Sand Hills Supreme

Nebraska gem is Earth's pathway to golfing Heaven

Architecture – Sand Hills Supreme

Architecture - Sand Hills Supreme
Courtesy Sand Hills Golf Club

Estimated reading time: 8 minutes


The pecking order for the upper echelon of golf courses in the world usually involves a straightforward game plan; enhanced visibility facilitated through the hosting of major golf competitions begets credibility and indelible memories seared into the collective memory of golfers worldwide.


Architecture – Sand Hills Supreme

Among the most noted of golf venues are the distinguished trio of Augusta National in Georgia, Pebble Beach along the California coast and the most acclaimed of all — the Old Course at St. Andrews with its inexorable ties to golf’s origins in Scotland.

The annual Masters tournament provides the launching pad each spring for Augusta National. The holes embedded into the consciousness of golfers globally and the awarding of the green jacket only reinforces the connection to its chief founder Bobby Jones and co-designer the illustrious Dr. Alister MacKenzie. Even with recent course tinkering the original premise Jones and MacKenzie envisioned continues onward.

Pebble Beach provides that glorious intersection of land and water. The layout touched by various hands over the years and brought to the forefront through the hosting of the annual Bing Crosby clambake for many years and now the AT&T PGA Tour stop. Incredibly, the layout did not host its first U.S. Open till 1972 — but is sealed in the memory banks courtesy of a magnificent 1-iron hit by Jack Nicklaus at the penultimate hole during the final round. Other Opens followed with Tom Watson winning via a chip-in at the same hole in 1982. Eighteen years later, Tiger Woods elevated Pebble Beach’s stature even more with an emphatic 15-strole win at the 2000 event.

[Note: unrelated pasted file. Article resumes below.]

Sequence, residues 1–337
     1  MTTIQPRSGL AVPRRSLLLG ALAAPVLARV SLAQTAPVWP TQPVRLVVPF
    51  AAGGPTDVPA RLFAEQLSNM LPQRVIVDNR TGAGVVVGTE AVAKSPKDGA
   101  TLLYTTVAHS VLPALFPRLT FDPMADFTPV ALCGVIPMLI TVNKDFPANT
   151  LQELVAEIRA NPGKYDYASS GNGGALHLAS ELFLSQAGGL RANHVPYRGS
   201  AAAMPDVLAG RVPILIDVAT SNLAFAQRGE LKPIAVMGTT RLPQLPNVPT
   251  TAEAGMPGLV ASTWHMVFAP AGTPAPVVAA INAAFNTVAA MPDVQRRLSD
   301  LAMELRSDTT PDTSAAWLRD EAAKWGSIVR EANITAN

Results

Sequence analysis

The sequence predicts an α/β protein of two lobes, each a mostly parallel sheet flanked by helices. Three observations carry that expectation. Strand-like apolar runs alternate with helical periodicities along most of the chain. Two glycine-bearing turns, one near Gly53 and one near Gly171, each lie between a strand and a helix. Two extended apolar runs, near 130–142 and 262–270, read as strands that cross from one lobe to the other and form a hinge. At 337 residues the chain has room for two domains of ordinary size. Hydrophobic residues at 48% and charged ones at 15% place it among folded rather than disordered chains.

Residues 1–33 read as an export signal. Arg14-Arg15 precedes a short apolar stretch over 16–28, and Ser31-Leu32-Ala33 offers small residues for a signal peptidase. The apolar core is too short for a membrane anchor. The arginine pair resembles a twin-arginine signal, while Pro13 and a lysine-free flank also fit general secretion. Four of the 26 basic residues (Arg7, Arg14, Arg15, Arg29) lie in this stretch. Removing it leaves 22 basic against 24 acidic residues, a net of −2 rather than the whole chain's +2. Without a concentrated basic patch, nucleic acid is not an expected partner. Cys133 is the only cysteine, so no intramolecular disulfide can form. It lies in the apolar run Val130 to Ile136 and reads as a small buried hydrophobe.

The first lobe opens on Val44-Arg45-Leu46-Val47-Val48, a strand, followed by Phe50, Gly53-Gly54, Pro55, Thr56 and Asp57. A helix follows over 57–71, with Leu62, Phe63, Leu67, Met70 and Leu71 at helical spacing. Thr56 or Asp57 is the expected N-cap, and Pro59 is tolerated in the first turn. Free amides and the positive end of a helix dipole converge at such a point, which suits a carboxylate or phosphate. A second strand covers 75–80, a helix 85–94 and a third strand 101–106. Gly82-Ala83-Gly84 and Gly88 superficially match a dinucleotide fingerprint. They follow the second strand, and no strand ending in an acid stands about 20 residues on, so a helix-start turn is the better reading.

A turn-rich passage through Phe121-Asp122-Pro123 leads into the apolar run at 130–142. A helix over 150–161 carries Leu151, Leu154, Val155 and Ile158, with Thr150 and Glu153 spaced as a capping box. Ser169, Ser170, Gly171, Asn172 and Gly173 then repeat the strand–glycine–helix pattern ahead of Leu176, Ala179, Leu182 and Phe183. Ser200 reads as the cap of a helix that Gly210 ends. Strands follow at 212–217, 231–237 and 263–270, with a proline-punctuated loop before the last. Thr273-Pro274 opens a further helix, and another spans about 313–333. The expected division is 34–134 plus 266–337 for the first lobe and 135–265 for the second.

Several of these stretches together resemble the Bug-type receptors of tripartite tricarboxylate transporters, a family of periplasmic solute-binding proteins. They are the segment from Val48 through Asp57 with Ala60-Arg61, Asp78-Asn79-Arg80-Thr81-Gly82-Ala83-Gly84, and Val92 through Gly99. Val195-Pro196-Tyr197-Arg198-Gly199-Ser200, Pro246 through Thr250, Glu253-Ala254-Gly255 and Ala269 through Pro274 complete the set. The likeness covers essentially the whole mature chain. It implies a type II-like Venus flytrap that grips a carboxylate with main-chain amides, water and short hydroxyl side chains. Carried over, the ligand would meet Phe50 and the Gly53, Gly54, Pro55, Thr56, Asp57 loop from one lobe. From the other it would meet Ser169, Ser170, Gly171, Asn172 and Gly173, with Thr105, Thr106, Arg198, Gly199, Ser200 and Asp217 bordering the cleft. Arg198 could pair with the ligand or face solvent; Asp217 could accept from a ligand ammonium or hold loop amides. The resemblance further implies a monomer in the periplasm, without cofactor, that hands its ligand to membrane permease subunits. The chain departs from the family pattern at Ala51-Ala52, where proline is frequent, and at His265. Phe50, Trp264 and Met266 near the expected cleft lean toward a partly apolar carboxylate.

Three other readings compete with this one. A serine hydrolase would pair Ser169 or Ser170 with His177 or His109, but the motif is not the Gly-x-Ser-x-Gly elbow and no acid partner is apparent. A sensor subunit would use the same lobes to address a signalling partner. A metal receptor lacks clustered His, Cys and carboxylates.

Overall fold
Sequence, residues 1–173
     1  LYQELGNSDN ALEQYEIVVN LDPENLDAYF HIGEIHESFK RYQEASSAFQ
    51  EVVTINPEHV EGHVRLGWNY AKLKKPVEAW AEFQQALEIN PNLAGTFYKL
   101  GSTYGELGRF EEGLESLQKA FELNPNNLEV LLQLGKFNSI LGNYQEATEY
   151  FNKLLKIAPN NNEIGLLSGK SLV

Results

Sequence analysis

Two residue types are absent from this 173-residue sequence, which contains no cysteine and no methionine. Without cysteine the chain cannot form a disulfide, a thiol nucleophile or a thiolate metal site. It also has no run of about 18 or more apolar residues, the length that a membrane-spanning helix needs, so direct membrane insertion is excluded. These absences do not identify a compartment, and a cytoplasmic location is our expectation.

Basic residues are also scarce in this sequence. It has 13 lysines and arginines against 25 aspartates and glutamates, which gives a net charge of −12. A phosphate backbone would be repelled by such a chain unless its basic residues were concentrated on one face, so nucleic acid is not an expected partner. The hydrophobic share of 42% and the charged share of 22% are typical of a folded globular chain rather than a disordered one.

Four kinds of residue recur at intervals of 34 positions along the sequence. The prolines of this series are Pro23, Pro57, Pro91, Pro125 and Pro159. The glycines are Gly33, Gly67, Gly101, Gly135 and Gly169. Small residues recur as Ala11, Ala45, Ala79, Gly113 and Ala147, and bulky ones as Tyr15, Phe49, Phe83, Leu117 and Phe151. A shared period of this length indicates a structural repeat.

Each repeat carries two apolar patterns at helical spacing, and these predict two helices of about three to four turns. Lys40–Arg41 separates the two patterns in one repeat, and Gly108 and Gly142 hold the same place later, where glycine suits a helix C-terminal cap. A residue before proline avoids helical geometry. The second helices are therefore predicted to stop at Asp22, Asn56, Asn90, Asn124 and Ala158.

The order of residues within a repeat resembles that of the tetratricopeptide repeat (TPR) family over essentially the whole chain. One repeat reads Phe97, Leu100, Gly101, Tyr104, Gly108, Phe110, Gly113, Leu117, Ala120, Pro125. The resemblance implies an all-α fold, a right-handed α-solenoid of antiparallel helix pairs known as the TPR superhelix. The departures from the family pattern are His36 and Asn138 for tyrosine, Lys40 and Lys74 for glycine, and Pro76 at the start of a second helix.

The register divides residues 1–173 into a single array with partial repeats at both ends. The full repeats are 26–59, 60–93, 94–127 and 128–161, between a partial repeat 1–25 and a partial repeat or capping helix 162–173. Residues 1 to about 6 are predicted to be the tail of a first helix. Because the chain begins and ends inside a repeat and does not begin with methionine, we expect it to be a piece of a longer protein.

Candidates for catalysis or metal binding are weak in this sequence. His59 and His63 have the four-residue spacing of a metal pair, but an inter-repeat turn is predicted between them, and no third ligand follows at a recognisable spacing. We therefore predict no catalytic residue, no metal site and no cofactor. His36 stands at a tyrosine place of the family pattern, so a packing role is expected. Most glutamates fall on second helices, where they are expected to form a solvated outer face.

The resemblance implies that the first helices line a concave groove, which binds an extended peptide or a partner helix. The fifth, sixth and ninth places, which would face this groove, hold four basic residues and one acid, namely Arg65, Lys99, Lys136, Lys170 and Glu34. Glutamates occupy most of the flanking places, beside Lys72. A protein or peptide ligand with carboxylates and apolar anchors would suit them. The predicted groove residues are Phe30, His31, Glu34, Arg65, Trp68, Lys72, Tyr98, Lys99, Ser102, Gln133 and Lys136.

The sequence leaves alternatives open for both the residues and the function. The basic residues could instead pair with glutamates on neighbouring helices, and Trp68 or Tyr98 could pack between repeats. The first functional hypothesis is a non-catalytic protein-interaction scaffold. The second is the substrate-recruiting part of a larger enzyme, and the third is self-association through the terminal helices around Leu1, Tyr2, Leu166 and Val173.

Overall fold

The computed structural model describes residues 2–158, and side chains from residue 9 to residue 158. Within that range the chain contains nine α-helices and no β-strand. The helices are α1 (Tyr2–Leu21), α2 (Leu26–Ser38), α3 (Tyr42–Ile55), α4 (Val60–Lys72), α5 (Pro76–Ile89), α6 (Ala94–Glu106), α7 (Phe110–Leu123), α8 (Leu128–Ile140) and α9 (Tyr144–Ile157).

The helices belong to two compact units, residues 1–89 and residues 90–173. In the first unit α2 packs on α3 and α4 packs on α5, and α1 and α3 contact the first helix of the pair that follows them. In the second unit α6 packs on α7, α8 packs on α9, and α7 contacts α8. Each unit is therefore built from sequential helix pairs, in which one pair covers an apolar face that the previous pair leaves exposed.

Architecture – Sand Hills Supreme

The Old Course at St. Andrews pays homage to the game’s earliest roots in Scotland. Each year the staging of the Dunhill Cup presents this timeless links. Yet it has been periodic hostings of The Open Championship that have placed the Old Course on an unsurpassed level. Who can forget the epic 18th hole birdie by Seve Ballesteros in 1984 and the final walk up that same hole by Jack Nicklaus in 2005. This July. the 150th Open will be rightly hosted by this grand dame.

However, the route to the top of the golfing pyramid can mean a far different pathway for others. Interestingly, the creation of Sand Hills was one where the outcome was far from certain but came into fruition through the combined talents and tenacity of all the key principals.


Architecture – Sand Hills Supreme

It’s been said great land often provides the essential launching pad for the creation of the most profound and enduring courses. The Sand Hills region of western Nebraska occupies a swath of land roughly 60 miles from north-to-south and 150 miles across from west-to-east for a sum total of 20,000 square miles. Massive dunes formed when the glacial period in earth’s history receded providing a possible golf location without peer.